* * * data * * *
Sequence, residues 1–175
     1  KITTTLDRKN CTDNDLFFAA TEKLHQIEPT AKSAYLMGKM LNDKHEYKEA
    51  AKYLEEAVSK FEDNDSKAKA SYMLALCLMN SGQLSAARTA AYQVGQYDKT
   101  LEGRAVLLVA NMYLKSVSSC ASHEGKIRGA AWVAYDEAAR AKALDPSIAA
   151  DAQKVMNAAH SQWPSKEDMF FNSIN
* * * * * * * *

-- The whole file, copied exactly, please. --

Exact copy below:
Sequence, residues 1–175
     1  KITTTLDRKN CTDNDLFFAA TEKLHQIEPT AKSAYLMGKM LNDKHEYKEA
    51  AKYLEEAVSK FEDNDSKAKA SYMLALCLMN SGQLSAARTA AYQVGQYDKT
   101  LEGRAVLLVA NMYLKSVSSC ASHEGKIRGA AWVAYDEAAR AKALDPSIAA
   151  DAQKVMNAAH SQWPSKEDMF FNSIN